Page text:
Letters to the Editor
Editor: As the self-appointed president of B.I.R.D.S. (Bird Influenza Resource Dissemination of Silver Creek), I feel an obligation to keep our citizenry informed about avian flu. Especially in light of recent press, including Silvia Leavitt’s Park Record article, I wish to facilitate some of the information referenced in her article. So, unless you live in a cave (which might not be such a bad idea) or get your news from Sports Illustrated, you’ve undoubtedly heard of bird flu. Just for clarification, an epidemic is simply a disease occurrence whose incidence is higher than expected. For example, a devastating and difficult disease to treat called senioritis has been observed to be abnormally elevated this year at our local high schools — this is a senioritis epidemic; however, if senioritis unexpectedly spread throughout the world, only then do we have a pandemic. On a more serious note, in reference to avian flu (H5N1), in order for a pandemic to occur in humans, three conditions must be met: The current H5N1 virus mutates, spreading easily among humans; the virus must be new to humans, something our immune system has never previously been exposed to; and, finally, the virus must infect 100 people and result in 50 percent mortality among infected individuals. Here’s the bummer — all conditions have been met, other than the fact the virus has yet to be easily transmitted between humans, which will most likely happen soon. I think Scooby puts it best, "Rut Row, Shaggy!" The key is early identification of human-to-human transmission, prophylactic, anti-viral administration in an attempt to isolate the virus, quarantine outbreak areas, and international cooperation. the way, feel free to stop me to discuss matters of avian flu — I’ll be the guy clutching the bird poop-laden umbrella walking around Main Street on clear days wearing a surgical mask. Rest assured, I’ll have a permanent eye fixed on the skies, particularly since H5N1 has been found in migratory birds in British Columbia. So, in the words of Dirty Harry, "You’ve gotta ask yourself one question, do you feel lucky well, do ya, punk?" Mike Farrell Silver Creek High school parking Editor: Something needs to be done about the high school kids parking in the neighborhood across the street from the school. It has gotten to the point that during school hours, our neighborhood is overrun by high school kids using every open space on the road to park. These kids drive, in most cases, $20,000 to $40,000 cars. And a parking pass is, what, $25? I know that these are kids who, on their 16th birthday are given cars (heck, I was one of those kids) but these kids do not have a place to park at school so they feel it is their right to invade our neighborhood, which is not a right. What ever happened to taking the bus to school? Not cool, I gather. I’ve been told by the school district that it is not their problem, but they are their students. I’ve been told the city cannot do anything about it. There is something that the city can do and that is give residents parking passes like they do in Old Town. Granted we are not million-dollar homes built on million-dollar pieces of property but in light of the recent fire, it would be impossible to get into our neighborhood with a fire truck if this was to happen during the day. I have measured between cars and only 15 feet of space was left for the road with cars parked on both sides. During the winter, our roads do not get plowed properly. If the snow falls for any period of time like it has for the past four days, we are down to one lane only because the plows can only make one pass between the cars parked on both sides of the street. Today I had a Ford pickup parked in front of my house that just happened to knock over my garbage can before he drove away. I am sorry my can was behind your truck but it was Wednesday and it was garbage day. Sorry for the long winded whine but something needs to be done about this problem. Sincerely, R. Michael Taylor Park City Need for a Hospital Editor: You are never really aware of what you need until you really need it: Last Wednesday night I took out the garbage. I bent down to grab the garbage lid and slipped on the ice. My forehead crashed against the boulder wall behind the garbage can. I cut my head clear through the muscle and down to the scull. Blood was gushing from my forehead. I wasn’t sure if I also had a concussion. It was very late at night. I was terrified. If ever there was a time when the absence of a hospital was really noticed, this was it. We drove down to Salt Lake City. Every minute seemed longer than it really was. I was panicked, lying in the back of our car. Inner stitches to sew the muscle back together, as well as 10 stitches on my eyebrow were required. I hope I don’t need an emergency trauma center again but I’m so aware of how many people live here full-time, how many people come and visit, how popular Park City is, and that we have a responsibility up here to be able to serve people medically, and that a hospital in Park City will be something that we will really appreciate as soon as its doors are open. Tracy Salberg Park City Censorship in Utah Editor: It’s Tuesday evening and the Victoria Secret Fashion Show is to be televised nationally on CBS… but not in Utah! An individual cannot watch this program because the Utah censors have decided that it’s inappropriate for viewing during prime time. As a former East Coast television producer currently living in Park City, I find it abhorrent that "the powers that be" do not feel that adults living in this state are capable of making a decision as to what is appropriate TV viewing for their family without local networks making that decision for them. One cannot watch Saturday Night Live on the local NBC affiliate because the "powers that be" once again determine what can be broadcast on its station. This choice is not in tune with major markets within the U.S. I live here by choice as it truly is a wonderful place to live. Having been a part of film and television production, I find it difficult to comprehend that this state has to do my thinking for me. I cannot believe that this state doesn’t have the confidence in the intelligence of viewers to turn off what they feel inappropriate for their family. Why should the censors of local television stations determine what is appropriate for me to watch? I am a free-thinking, intelligent woman who can make these decisions for myself… I would appreciate the privilege of choice! I can’t believe that the state of Utah is so controlled by what "others" deem appropriate rather than realizing that there are a great many very intelligent human beings, a majority of them who are women, who are capable of thinking for themselves and making the right decisions for themselves. This is not a radical feminist statement, but one made by a woman who has adult children, grandchildren and who lives here by choice. Bottom line…one can live in this magnificent state and live an incredible life regardless of one’s surroundings and have a strong belief in free thinking and have a spiritual mindset that has existed for more years than one would care to count. Judith A. Harris Park City Aid and comfort for Pakistan Editor: The Park City Interfaith Council, comprised of faith leaders from Christian, Jewish and Baha’i communities in Park City and the Snyderville Basin, recently made a financial contribution to benefit people in Pakistan who are left without shelter from that country’s devastating earthquake in October of this year. This donation, channeled through The Mercy Corps, an international humanitarian organization, will assist in the provision of tents, clothing and blankets for hundreds of thousands of people left without shelter in a frigid, mountainous winter climate. Wintertime shelters are desperately needed to avert a feared "second wave of deaths" in a disaster that has already claimed a confirmed 87,000 lives, according to a Mercy Corps statement. So far, the agency’s relief workers have distributed more than 2,500 tents in remote valleys, home to about 200,000 people living in isolated villages. Daily distributions of blankets, sleeping bags, jerry cans and other supplies continue where the need remains extremely critical. To see how you can add your contributions to those made by the Park City Interfaith Council, go to http://www.mercycorps.org. Contributions to the earthquake survivors of Pakistan can also be made through other charitable organizations. Sedona Callahan Park City Personal attention Editor: With all the new fitness centers invading Summit County, it’s nice to see good old reliable Conscious Fitness take on a practically blind octogenarian client in a special class for seniors, "Introduction to Weights." And busy, reliable Amy Heyes finds time to give her the special attention she needs — at no extra cost! Sol Browdy Park City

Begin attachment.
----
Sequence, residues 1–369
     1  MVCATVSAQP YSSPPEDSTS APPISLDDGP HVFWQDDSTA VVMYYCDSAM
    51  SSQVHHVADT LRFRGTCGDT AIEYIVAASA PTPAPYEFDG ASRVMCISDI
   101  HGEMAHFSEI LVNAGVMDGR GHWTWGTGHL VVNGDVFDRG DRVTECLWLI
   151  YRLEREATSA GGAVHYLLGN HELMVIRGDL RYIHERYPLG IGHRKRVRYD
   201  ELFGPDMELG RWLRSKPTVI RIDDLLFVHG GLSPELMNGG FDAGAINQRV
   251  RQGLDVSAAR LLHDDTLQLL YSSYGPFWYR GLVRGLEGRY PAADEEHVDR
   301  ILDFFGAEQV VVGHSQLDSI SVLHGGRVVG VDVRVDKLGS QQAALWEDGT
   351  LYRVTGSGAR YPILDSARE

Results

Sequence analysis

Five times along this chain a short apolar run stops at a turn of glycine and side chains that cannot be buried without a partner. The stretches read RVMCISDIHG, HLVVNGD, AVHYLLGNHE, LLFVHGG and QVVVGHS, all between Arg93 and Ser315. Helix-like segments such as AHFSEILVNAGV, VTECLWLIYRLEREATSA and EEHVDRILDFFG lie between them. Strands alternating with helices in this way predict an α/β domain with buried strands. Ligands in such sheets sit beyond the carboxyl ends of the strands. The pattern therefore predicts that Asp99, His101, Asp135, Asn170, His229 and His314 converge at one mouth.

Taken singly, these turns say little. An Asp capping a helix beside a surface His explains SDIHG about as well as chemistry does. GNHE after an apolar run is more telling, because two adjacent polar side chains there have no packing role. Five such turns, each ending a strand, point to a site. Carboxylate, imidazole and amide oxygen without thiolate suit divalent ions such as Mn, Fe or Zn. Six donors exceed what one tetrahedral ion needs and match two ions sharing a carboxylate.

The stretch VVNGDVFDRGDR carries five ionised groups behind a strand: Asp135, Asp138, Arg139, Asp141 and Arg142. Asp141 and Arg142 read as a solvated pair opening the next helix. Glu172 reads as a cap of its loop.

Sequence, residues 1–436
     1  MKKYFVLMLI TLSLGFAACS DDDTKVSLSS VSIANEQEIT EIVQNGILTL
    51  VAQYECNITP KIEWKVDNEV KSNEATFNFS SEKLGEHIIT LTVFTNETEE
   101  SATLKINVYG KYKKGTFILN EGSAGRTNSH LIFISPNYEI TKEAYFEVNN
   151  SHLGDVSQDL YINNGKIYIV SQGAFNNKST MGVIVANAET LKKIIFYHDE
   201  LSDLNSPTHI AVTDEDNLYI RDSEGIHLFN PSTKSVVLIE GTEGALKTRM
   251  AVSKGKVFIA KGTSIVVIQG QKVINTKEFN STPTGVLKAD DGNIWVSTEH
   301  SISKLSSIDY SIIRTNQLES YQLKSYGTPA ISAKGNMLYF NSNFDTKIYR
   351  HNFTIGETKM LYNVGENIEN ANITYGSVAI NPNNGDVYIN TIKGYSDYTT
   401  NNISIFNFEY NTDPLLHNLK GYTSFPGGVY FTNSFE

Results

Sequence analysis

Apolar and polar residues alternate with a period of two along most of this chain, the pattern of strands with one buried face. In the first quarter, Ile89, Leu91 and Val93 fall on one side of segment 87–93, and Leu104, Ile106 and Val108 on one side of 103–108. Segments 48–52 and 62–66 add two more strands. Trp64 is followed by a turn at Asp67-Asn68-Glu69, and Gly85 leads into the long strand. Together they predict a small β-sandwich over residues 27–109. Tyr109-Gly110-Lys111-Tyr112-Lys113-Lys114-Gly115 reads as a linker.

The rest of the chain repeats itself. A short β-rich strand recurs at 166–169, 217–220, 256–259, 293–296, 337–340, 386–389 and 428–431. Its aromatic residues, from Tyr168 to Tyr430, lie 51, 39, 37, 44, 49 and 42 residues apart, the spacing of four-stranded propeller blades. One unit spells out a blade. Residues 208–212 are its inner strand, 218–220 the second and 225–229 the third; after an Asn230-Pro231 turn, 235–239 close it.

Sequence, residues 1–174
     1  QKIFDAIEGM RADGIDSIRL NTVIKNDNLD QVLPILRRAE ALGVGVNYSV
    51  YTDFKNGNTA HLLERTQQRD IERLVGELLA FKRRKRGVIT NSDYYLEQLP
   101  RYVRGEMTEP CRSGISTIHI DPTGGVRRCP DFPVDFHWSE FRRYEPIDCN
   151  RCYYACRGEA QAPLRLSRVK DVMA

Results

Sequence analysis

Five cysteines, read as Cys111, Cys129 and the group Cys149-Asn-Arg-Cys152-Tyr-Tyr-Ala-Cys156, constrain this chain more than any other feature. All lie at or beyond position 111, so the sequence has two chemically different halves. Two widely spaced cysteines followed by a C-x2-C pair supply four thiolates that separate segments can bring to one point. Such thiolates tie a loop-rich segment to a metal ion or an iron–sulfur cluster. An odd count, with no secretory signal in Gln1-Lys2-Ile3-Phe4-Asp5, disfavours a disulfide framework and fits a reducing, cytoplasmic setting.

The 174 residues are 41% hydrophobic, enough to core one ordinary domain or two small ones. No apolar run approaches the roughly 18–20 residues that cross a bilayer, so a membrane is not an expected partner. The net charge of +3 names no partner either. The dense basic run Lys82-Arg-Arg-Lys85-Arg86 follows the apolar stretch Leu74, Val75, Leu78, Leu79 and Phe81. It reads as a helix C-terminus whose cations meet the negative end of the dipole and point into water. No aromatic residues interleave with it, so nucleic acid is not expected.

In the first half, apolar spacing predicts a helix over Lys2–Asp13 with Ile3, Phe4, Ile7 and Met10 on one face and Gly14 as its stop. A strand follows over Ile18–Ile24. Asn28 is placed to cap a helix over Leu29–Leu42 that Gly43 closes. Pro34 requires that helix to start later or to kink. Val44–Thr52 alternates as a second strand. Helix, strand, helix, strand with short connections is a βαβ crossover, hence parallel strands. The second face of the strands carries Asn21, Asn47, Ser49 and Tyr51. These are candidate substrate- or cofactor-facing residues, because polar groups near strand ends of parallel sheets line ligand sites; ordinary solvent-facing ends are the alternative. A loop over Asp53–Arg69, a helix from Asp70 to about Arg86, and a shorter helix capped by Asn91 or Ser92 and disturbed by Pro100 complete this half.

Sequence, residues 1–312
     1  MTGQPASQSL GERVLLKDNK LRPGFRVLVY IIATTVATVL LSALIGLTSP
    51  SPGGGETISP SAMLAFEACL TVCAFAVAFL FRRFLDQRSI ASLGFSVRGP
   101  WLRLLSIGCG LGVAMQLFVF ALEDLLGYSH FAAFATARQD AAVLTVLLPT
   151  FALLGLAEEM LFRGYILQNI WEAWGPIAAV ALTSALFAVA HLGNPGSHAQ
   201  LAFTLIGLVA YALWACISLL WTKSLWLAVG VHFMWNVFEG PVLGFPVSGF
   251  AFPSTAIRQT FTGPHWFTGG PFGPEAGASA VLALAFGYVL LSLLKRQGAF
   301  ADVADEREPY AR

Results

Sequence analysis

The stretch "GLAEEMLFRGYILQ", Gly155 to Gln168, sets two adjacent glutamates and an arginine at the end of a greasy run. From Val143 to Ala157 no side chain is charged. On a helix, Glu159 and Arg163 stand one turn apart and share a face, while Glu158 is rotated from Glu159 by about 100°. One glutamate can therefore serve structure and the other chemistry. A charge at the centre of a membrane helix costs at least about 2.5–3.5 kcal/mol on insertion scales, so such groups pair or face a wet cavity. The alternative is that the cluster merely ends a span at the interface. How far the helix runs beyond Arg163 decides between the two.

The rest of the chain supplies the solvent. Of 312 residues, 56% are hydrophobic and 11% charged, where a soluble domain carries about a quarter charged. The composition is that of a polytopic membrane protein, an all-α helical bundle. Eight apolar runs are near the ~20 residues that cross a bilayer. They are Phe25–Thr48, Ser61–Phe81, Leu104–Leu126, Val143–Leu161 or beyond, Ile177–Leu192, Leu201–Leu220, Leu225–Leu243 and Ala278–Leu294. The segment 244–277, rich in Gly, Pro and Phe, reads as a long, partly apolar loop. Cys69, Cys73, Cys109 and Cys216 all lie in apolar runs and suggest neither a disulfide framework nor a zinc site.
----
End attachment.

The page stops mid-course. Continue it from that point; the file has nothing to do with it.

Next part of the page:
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Officials predict the economic impact of the coronavirus will last into at least next summer.